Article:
If you are in Christ you are the “Lords anointed”.
“For all the promises of God find their Yes in him. That is why it is through him that we utter our Amen to God for his glory. And it is God who establishes us with you in Christ, and has anointed us, and who has also put his seal on us and given us his Spirit in our hearts as a guarantee.”(2 Corinthians 1:20-22 ESV)
“But you have been anointed by the Holy One, and you all have knowledge.I write to you, not because you do not know the truth, but because you know it, and because no lie is of the truth. Who is the liar but he who denies that Jesus is the Christ? This is the antichrist, he who denies the Father and the Son. No one who denies the Son has the Father. Whoever confesses the Son has the Father also. Let what you heard from the beginning abide in you. If what you heard from the beginning abides in you, then you too will abide in the Son and in the Father. And this is the promise that he made to us—eternal life. write these things to you about those who are trying to deceive you. But the anointing that you received from him abides in you, and you have no need that anyone should teach you. But as his anointing teaches you about everything, and is true, and is no lie—just as it has taught you, abide in him.” (1 John 2:19-27 ESV)
The passage in question is not an implied threat against questioning religious authority or leadership.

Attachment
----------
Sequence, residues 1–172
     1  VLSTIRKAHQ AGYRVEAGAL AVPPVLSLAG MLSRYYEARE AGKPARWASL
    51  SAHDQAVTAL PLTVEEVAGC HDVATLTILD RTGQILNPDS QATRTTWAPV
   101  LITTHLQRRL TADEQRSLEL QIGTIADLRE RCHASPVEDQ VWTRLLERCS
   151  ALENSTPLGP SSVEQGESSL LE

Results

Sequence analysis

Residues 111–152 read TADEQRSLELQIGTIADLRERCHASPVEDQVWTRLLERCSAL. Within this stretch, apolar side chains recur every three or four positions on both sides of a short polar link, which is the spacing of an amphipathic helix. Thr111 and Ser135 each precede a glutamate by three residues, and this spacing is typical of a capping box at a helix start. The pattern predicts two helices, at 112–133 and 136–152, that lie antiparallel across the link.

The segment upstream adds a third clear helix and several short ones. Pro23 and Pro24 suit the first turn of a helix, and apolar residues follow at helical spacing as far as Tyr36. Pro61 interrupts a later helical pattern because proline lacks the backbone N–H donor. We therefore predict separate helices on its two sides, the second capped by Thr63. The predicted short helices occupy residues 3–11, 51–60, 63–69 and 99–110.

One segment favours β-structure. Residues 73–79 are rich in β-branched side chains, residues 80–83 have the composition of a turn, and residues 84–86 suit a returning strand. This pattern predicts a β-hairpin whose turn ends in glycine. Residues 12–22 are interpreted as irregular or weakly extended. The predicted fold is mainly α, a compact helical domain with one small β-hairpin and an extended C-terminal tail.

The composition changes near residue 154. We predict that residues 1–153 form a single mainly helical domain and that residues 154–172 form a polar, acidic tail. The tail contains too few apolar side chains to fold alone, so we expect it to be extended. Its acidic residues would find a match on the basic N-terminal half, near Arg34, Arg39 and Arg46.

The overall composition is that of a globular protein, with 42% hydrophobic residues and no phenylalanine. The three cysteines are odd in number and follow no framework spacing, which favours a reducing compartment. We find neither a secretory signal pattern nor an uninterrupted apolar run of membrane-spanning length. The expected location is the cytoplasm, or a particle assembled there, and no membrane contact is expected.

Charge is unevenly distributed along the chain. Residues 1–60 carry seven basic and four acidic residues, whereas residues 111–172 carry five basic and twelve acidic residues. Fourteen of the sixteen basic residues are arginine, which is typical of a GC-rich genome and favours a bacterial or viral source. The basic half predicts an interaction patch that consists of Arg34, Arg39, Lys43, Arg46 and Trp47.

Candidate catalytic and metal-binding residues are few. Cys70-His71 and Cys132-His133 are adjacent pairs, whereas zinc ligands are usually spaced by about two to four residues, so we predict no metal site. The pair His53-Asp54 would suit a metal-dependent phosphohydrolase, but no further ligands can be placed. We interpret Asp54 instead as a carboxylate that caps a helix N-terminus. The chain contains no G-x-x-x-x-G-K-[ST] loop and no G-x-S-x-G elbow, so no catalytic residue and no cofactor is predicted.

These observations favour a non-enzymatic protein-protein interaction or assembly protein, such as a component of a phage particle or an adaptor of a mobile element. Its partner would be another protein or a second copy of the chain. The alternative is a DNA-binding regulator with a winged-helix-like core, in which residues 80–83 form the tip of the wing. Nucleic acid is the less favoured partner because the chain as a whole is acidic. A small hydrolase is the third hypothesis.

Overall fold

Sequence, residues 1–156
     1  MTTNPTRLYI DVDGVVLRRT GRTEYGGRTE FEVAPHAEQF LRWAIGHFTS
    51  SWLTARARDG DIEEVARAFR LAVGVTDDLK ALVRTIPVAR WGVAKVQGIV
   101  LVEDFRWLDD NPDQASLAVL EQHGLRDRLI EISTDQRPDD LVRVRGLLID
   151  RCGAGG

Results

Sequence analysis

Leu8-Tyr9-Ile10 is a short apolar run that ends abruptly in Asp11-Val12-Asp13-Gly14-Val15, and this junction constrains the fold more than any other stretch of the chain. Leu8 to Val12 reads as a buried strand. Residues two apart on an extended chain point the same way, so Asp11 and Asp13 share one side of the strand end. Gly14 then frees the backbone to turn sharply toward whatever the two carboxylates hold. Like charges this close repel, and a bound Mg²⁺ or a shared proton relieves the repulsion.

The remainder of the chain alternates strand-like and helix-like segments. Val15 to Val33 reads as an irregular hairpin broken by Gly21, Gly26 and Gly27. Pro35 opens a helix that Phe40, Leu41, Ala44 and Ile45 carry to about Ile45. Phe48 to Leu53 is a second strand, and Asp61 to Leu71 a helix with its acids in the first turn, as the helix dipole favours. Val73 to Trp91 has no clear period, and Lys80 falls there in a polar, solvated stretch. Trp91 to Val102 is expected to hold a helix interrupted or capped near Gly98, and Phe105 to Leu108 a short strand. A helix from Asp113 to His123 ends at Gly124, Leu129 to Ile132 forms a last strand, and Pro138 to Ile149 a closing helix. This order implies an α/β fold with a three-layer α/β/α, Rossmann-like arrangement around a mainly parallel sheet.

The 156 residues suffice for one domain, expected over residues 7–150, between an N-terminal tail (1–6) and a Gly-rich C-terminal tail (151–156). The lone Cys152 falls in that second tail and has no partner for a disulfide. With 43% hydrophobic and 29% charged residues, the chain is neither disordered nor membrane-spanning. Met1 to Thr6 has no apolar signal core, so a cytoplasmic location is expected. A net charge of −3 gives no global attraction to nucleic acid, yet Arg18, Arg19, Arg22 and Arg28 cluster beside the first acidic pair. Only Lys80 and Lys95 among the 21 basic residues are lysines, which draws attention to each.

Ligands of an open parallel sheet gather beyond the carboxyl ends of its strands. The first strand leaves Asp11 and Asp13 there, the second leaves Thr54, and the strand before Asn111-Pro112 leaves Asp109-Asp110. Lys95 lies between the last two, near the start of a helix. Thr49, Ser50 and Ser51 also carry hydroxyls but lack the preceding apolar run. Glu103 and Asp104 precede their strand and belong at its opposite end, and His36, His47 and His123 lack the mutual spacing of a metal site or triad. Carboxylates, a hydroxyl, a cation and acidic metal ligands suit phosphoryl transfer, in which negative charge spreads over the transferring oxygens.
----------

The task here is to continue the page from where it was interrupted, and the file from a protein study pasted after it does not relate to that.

It is not a sword for insecure leaders to wield against those who dare question them.
It is a song of Gods care for all His people when they are weak and few in number and in hostile territory.
Now…please note that while David didn’t cause physical harm to Saul, he publicly rebuked him.
He shouted at Saul in front of his men and called on God to judge between them.
There was a difference then between the public rebuke of sin in leadership and sinfully “touching the Lord’s anointed” and there is today.
We just shout with better tools.
If you’re in Christ you’re one of His anointed… and may God judge between you and leaders who try to harm you in His name.
Good read. Thank you.
Yet, I’m curious:. Was there anything in particular that prompted this article?
That’s a good question.
I had published part of it before and wanted to finish it…and just felt compelled to do so today.
perhaps that should be a warning to anyone in ministry who wants to defraud, molest, lie to, slander, manipulate, or have sex with one of the ‘flock.’ It seems that would be a more honest interpretation of the phrase.